Day 6: Reenmore to Durrus | 16 km

The route follows old paths and driving roads through hillside farms to Durrus, the largest village on the peninsula. A number of Neolithic monuments in the area at Coolcoulagha and Dunmanus indicate that a significant pre-Celtic population existed there: standing stones, wells, burial grounds.

  • Accommodation: Jo-Al B&B or similar
  • Walking for the day: 16 km, 5 hours, ↑280 m

Day 7: Durrus to Bantry | 17 km

Leaving the seascapes behind, the route follows the Four Mile Water valley before climbing through the forest to Barr na Gaoithe, the Top of the Wind. A short climb completes the hillwalking before descending on minor roads to Bantry town, through the grounds of the majestic 17th century Bantry House.

Day 8: Departure

Depart Bantry by local bus to Cork.

What to Expect

Accommodation

Accommodations on this tour include a mix of welcoming B&Bs and guesthouses. They have been carefully selected for their location, atmosphere, cuisine and/or unique services. All rooms are en-suite. Note that it is sometimes necessary to accommodate you a short walk away from the trail itself, as there is not always suitable accommodation close to the trail. Details will be given in your pre-departure info pack.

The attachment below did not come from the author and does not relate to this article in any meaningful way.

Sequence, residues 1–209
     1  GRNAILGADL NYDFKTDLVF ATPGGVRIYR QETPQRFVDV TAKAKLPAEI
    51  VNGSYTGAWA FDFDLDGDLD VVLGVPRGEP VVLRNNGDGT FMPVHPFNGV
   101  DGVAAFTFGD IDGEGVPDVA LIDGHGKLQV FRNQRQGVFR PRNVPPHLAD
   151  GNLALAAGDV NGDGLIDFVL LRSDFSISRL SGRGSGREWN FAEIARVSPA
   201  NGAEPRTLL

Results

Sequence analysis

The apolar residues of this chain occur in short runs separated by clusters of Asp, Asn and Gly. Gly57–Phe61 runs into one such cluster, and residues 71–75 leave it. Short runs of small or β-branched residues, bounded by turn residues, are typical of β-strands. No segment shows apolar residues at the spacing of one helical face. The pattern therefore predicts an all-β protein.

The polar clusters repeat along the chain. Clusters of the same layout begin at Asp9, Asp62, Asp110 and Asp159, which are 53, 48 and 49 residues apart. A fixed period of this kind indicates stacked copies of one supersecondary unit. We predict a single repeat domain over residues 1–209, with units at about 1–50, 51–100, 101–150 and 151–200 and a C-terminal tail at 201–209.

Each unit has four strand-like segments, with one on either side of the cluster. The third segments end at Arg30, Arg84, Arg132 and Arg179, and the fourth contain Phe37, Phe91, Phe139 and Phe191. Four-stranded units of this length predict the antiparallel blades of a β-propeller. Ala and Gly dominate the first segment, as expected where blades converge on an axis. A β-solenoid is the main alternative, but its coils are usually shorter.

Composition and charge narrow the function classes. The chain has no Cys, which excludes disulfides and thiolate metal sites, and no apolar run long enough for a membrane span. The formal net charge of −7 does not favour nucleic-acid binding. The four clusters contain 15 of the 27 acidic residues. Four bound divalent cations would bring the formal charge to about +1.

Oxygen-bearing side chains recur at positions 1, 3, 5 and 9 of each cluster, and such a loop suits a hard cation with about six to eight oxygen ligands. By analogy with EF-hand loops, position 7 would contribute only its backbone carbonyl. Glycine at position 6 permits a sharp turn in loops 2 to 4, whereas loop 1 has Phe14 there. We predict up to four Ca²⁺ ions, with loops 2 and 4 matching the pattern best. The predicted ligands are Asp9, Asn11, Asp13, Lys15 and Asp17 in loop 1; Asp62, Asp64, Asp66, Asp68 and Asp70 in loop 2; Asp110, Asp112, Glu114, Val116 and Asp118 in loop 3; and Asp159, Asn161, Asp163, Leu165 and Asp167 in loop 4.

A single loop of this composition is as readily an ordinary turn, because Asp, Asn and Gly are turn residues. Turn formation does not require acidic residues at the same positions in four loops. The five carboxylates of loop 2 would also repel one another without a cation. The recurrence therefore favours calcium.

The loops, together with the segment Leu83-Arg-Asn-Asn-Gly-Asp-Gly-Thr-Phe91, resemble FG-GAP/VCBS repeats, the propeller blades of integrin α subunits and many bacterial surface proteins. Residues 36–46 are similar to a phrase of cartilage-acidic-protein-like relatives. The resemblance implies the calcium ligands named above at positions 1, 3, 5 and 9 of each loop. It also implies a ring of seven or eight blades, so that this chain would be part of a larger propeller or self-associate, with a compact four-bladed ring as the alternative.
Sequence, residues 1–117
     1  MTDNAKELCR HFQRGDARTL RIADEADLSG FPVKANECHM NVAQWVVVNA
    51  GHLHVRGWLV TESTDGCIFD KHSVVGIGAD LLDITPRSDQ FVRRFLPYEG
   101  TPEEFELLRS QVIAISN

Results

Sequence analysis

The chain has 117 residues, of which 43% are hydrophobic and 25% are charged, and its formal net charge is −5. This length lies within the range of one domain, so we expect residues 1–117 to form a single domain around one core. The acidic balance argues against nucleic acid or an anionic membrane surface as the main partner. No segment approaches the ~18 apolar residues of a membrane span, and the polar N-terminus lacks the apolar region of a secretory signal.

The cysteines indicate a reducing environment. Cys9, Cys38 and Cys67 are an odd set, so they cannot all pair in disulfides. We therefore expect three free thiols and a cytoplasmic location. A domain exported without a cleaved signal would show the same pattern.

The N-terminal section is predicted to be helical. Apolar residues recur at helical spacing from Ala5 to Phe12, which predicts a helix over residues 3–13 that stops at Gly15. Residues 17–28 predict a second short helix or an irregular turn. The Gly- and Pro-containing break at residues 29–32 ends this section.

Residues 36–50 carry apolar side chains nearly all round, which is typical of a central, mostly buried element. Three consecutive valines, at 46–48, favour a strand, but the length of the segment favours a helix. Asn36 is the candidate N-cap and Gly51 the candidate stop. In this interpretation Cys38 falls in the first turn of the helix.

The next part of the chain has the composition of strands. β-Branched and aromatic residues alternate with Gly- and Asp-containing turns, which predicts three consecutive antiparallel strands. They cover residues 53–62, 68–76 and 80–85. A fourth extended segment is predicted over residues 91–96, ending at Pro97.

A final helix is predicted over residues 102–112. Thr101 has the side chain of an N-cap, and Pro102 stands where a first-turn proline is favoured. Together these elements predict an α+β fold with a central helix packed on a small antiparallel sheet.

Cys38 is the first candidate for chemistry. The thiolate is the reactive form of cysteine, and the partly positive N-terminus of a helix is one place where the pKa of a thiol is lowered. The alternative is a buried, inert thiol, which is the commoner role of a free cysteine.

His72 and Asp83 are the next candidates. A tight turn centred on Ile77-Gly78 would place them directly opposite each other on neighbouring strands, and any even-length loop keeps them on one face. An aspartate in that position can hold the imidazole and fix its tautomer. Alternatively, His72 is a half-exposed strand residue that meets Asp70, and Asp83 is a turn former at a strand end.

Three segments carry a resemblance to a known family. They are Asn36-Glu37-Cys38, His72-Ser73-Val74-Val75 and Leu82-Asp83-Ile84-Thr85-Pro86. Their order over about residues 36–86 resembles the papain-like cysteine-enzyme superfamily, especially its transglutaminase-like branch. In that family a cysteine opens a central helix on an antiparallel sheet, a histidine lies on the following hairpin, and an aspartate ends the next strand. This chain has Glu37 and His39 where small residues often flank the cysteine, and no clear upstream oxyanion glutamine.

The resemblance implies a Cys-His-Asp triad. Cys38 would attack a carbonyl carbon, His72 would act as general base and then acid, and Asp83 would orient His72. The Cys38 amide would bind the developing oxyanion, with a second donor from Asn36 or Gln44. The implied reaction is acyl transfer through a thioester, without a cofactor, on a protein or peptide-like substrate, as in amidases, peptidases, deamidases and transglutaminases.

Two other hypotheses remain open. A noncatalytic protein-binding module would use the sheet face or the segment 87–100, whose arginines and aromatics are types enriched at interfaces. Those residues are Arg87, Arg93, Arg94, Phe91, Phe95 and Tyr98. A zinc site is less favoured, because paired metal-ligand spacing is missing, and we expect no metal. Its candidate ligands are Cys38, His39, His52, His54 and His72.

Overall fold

Click to view default hotels

*Hotels are subject to availability. In case a particular hotel is fully booked for your desired dates, we will replace it with a hotel of equal or higher value and quality level. We will provide exact accommodation details to you upon booking confirmation.

Meals

Breakfast is included on all days. When no restaurant location is available on the route, lunches and snacks should either be bought from local shops, or packed lunch can be pre-ordered from your hotel the night before. You can have dinner at the guesthouse you are staying at or at the village inns and restaurants.

Difficulty & terrain

This itinerary is suitable for those walkers who do not have much experience of covering long distances, with average levels of fitness and in good health. The terrain is varied and includes old boreens (a Gaelic word that literally translates as ‘little road’), open grassy and heathery moorland, field paths, quiet country roads and some short stretches of woodland paths (read more about difficulty grades). The routes are waymarked*, and the itinerary is easy to follow. We strongly advise you to follow only marked trails and never try to shorten the path through the unknown and unmarked terrain. We will provide you with detailed road notes and maps, and you can call our 24/7 local assistance phone number anytime. More detailed info on route navigation will be included in your holiday information pack.